A game-changer in this regard — for both international and domestic expansion — is data analytics, specifically massive mobile data. This essentially is mobile-phone tracking, often on an anonymous basis. Monitoring the movement of mobile phones can help a retailer or retail-center owner gain insights such as the average demographics of people visiting a specific location in a specific timeframe, where they spent most of their time in a center, and from where they arrived at the center.
This type of data is invaluable for retailers and retail landlords alike in making multiple critical decisions, including determining a given store or center’s trade area and clientele; where to open, close or remodel stores; how to position the merchandise and retailer mix; which customers to market to and where and when to set a store’s operation hours, among other considerations.
Retailers and others then cross-reference demographic data to massive mobile data by determining the census tracts from which most phones visiting their property are coming. That data then can be combined with what retailers know about their customers’ online purchasing habits to create a more thorough picture of the retailer’s clientele.
Massive mobile data brings substantial value in domestic retail expansion, and even more so in international expansion into countries where the service is available. Foreign retailers expanding into the U.S. now have a data-focused tool to help them study markets and locations that likely are entirely new to them. And many already are familiar with the concept. European companies were early adopters of massive mobile data.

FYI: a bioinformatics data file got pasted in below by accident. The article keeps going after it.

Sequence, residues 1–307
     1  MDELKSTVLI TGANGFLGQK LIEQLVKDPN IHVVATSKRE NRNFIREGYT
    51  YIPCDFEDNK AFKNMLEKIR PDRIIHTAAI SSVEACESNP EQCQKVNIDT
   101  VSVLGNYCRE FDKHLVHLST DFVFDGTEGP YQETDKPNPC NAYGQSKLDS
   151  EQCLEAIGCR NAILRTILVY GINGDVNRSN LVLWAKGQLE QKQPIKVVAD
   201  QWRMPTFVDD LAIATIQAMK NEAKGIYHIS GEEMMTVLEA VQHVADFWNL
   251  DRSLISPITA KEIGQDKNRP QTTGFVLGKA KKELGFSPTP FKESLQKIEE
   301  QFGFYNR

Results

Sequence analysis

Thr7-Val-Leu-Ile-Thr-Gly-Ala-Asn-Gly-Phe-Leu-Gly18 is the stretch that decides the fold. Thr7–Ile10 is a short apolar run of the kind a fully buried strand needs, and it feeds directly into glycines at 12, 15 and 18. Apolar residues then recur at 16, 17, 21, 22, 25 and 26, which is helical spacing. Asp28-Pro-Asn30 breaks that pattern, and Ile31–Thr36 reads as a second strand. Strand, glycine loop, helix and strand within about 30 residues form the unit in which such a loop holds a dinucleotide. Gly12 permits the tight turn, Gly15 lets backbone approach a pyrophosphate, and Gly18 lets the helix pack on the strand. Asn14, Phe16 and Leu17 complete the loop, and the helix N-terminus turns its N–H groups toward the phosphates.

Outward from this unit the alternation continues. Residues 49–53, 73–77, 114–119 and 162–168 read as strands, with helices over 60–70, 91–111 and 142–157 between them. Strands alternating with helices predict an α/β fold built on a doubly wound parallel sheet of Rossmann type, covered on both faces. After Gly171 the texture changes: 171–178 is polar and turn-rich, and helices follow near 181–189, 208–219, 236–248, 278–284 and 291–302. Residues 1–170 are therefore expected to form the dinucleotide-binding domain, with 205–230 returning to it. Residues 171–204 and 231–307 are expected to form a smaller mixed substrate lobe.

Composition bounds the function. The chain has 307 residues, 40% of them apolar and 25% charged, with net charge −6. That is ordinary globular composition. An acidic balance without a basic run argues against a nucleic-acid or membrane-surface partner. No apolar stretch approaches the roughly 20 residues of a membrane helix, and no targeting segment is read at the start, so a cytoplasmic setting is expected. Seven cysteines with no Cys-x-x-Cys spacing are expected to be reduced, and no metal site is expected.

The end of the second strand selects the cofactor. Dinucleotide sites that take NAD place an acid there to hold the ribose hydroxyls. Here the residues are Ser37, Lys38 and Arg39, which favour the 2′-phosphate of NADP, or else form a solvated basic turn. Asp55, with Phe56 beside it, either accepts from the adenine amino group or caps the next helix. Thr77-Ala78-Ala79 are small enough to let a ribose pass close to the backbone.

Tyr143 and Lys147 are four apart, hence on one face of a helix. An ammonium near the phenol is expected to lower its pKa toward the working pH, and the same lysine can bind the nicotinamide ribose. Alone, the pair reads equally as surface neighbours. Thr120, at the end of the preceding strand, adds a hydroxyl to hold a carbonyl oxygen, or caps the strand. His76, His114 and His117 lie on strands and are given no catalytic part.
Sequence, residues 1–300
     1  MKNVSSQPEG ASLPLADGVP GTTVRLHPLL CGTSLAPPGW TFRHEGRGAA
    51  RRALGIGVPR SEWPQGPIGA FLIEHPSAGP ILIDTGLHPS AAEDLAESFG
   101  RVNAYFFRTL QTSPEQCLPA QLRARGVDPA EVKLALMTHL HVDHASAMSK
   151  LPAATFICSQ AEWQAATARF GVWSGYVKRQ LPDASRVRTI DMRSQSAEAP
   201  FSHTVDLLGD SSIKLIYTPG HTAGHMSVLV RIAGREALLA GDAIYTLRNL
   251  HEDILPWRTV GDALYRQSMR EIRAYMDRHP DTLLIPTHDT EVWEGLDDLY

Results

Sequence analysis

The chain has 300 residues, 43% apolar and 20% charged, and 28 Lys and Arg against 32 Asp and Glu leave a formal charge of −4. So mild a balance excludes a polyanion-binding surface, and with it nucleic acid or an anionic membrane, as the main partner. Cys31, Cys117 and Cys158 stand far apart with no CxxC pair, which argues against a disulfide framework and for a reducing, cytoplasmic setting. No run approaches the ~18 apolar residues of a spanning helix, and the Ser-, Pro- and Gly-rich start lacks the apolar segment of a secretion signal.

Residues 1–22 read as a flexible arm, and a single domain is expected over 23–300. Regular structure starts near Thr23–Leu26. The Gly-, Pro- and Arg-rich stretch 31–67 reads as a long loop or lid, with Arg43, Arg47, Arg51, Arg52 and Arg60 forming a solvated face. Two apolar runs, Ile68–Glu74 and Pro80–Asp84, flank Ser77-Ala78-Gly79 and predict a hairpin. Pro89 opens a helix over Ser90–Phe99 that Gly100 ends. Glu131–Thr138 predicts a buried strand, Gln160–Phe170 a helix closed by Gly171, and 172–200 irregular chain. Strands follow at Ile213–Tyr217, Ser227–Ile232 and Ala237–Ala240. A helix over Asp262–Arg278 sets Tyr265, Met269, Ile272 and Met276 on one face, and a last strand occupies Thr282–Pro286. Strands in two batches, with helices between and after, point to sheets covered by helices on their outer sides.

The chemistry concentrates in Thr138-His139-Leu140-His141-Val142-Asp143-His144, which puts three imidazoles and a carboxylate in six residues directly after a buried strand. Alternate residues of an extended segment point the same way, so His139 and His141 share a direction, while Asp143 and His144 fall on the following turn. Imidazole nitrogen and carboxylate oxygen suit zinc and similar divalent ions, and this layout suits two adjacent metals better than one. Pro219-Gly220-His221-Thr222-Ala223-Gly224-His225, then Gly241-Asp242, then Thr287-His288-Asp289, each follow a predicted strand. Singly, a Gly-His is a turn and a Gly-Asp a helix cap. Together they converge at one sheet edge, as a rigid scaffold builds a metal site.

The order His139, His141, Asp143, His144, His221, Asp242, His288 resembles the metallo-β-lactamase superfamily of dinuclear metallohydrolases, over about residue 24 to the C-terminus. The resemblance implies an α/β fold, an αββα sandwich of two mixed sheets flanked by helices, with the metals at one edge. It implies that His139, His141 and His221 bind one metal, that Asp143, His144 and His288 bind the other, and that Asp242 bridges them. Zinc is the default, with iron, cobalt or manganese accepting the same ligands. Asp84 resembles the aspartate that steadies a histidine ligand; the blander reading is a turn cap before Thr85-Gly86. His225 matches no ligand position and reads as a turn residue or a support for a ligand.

Equipped with such a data analytics tool, modern retailers also have the advantage of knowing that they might not necessarily need to spend heavily to open a huge flagship store for branding purposes. The growth of e-commerce and social media now has allowed retailers to do much of their brand building online. They still need stores to allow customers to sample the product and experience the brand, but perhaps not as many stores or stores not as large as in the past.
Several international retailers entering New York City have opted to open small flagships in trendy submarkets such as SoHo. Gentle Monster, the South Korean retailer of fashion eyewear, opened its first United States store in SoHo in 2016. Among many others debuting in the U.S. with small stores in New York submarkets are British premium apparel brand Sunspel, Hong Kong jeweler Ame Gallery, Japanese furniture store Kamarq, and premium clothier Eleventy.
Another option increasingly available for expanding retailers are larger spaces vacated by struggling retailers such as Sears Holdings Corp. and defunct chains such as Sports Authority. In some cases, these spaces will allow international retailers to crack previously inaccessible markets due to high costs.
Such big-box locations also will be scouted by expanding entertainment uses such as Smaaash USA, the dining hall and gaming center concept founded by Indian entrepreneur Shripal Morakhia. That’s also the case for Round 1 Entertainment Inc., the Japanese bowling-and-amusement operator.
Overall, this supports an optimistic outlook for international retail expansion, albeit at a slightly slower but more efficient pace than in years past.
Brandon Famous is chairman of CBRE’s Global Retail Occupier Executive Committee.